Placed in a puzzling light, and moving,
Our days put on such reticence
These accents seem their own defense.

From The Mooring Of Starting Out by John Ashbery, published by Ecco Press, 1997.

Sometimes and always, with mixed feelings.

At North Farm
John Ashbery

Somewhere someone is traveling furiously toward you,
At incredible speed, traveling day and night,
Through blizzards and desert heat, across torrents, through narrow passes.
But will he know where to find you,
Recognize you when he sees you,
Give you the thing he has for you?

Hardly anything grows here,
Yet the granaries are bursting with meal,
The sacks of meal piled to the rafters.
The streams run with sweetness, fattening fish;
Birds darken the sky. Is it enough
That the dish of milk is set out at night,
That we think of him sometimes,
Sometimes and always, with mixed feelings?

I was able to snag John Ashberry’s April Galleons at the library. And time simply stopped when I read this poem.

Forgotten Sex
John Ashbery

They tore down the old movie palaces,
Ripped up streetcar tracks, widened avenues.
Lampposts, curbs with their trees vanished.
They knew, who came after,
A story of departing hands and affairs, that mostly
Went untold, unless someone who was there once
Visited the old neighborhood, and then
They would tell about it, the space
Of an afternoon, how it happened in the afternoon
So that no record, no print of it could exist
For the steep times to come. And sure enough,
Even as the story ended its shadow vanished,
A twice-told tale not to be told again
Unless children one day dig up the past, in the attic
Or under brush in the back yard: “What’s this?”
And you have to tell them, will have to tell them then
That the enormous nature of things had a face
Once and feet like any human being, and one day
Broke out of the shell that had always been,
Changed its answers to lies, youthful ambition
To a quirk of the past, a fancy, of some
Antiquarian concern that this damaged day can never
Countenance if we want to live past the rope
Of noon, reach the bald summits by late afternoon.

Surely we are protected, surely someone thinks of us
Often enough to keep the stain from setting, surely
All of us are alike and know each other from earliest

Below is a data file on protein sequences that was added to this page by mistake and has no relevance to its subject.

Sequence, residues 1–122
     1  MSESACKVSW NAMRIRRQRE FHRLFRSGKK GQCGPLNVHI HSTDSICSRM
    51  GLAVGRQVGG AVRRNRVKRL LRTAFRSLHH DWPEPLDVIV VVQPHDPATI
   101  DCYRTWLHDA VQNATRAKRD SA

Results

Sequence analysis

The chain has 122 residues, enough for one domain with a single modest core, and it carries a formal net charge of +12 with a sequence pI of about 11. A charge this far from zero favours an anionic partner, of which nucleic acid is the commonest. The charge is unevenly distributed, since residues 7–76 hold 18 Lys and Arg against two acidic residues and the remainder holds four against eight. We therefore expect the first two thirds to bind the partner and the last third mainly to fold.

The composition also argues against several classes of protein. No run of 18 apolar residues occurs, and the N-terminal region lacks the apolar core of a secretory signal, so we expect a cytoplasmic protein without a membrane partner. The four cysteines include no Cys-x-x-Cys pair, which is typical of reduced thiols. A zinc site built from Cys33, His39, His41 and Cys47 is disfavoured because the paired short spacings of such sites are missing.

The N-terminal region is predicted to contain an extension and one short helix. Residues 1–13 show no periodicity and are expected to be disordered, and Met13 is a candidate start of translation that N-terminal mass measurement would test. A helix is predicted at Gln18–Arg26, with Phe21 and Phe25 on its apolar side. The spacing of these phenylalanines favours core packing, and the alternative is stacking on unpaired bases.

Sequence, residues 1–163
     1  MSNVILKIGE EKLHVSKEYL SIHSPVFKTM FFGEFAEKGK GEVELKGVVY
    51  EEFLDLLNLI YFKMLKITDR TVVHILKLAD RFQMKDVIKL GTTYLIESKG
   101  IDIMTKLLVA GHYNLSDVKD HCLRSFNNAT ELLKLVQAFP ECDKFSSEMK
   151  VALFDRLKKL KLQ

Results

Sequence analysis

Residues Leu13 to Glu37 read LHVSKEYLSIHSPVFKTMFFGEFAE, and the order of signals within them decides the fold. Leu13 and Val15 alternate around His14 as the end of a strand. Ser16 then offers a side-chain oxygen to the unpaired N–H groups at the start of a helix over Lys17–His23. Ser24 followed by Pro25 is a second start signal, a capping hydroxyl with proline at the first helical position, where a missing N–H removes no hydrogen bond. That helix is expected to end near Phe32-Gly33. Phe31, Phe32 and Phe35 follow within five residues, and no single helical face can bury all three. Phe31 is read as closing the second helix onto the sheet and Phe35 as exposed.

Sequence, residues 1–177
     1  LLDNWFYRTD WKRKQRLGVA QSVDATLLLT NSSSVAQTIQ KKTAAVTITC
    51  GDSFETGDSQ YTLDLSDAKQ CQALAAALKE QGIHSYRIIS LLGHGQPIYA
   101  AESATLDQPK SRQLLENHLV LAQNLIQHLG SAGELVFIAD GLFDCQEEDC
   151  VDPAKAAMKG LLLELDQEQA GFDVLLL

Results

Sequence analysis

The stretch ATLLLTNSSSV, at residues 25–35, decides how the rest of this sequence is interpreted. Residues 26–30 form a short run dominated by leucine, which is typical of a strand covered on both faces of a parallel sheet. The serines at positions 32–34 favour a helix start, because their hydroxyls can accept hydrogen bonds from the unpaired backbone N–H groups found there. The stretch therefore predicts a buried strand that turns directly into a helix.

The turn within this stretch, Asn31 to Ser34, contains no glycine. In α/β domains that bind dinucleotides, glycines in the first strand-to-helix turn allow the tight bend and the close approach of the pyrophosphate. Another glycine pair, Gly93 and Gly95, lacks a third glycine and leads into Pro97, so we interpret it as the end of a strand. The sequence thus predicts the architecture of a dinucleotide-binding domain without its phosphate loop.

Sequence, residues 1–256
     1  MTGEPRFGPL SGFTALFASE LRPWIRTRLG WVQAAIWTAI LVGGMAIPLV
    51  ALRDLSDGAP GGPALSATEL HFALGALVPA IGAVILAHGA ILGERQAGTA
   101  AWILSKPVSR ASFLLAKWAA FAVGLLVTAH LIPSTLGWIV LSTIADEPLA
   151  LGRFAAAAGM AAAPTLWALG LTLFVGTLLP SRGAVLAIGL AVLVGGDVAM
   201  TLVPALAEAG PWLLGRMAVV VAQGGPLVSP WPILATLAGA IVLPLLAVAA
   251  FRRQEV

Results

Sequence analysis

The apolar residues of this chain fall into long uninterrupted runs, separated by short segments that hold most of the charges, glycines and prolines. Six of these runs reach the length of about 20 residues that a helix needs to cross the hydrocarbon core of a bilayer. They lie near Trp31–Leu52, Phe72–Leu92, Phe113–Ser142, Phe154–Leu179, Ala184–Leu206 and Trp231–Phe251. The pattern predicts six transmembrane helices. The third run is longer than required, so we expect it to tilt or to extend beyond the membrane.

Childhood, for better or for worse: surely we eat
Breakfast each day, and shit, and put the kettle on the stove
With much changing of the subject, much twisting the original
Premise back to the nature of the actual itch
Engulfing us, now. And when we come back
From an outing expect to find the furniture magically
Rearranged to accommodate revised, smaller projects
No one bothers to question, except polite Puss-in-Boots with what
Is in effect a new premise: “Try this one, the dust
Shows less on these rather sad colors; the time
To get started and gain time, however brief, over the neighbors
Quarreling into sunset, once you’ve convinced them you’re
Not playing and therefore not cheating. When the princess
Comes to see you on some perfectly plausible pretext, you’ll know
The underground stream that has never stood still is the surface
And the theater for all that is to come. Too bad the revisions
Will never be adopted, but how lucky for you, now,
The change of face. Good times follow bad.”

And the locket is still on the chain on a throat.
The askers, the doers, fall into silent confusion
As it comes time to stand up like a sheet of metal
In the blast of sunrise. I will do this, I can do no more.
I cannot think on the edge of a platform.

But the abandonment by love is a de facto sign
Of something else coming along,
Something similar in its measuredness:
Sweetness of things late, a memory for particulars
As lively as though they happened still. As indeed
They do sometimes, though like the transparent bricks
In a particular dream, they cannot always be seen.


A Tone Poem
John Ashbery

It is no longer night. But there is a sameness
Of intention, all the same, in the ways
We address it, rude
Color of what an amazing world,
As it goes flat, or rubs off, and this
Is a marvel, we think, and are careful not to go past it.

But it is the same thing we are all seeing,
Our world. Go after it,
Go get it boy, says the man holding the stick.
Eat, says the hunger, and we plunge blindly in again,
Into the chamber behind the thought.
We can hear it, even think it, but can’t get disentangled
from our brains.
Here, I am holding the winning ticket. Over here.
But it is all the same color again, as though the climate
Dyed everything the same color. It’s more practical,
Yet the landscape, these billboards, age as rapidly as before.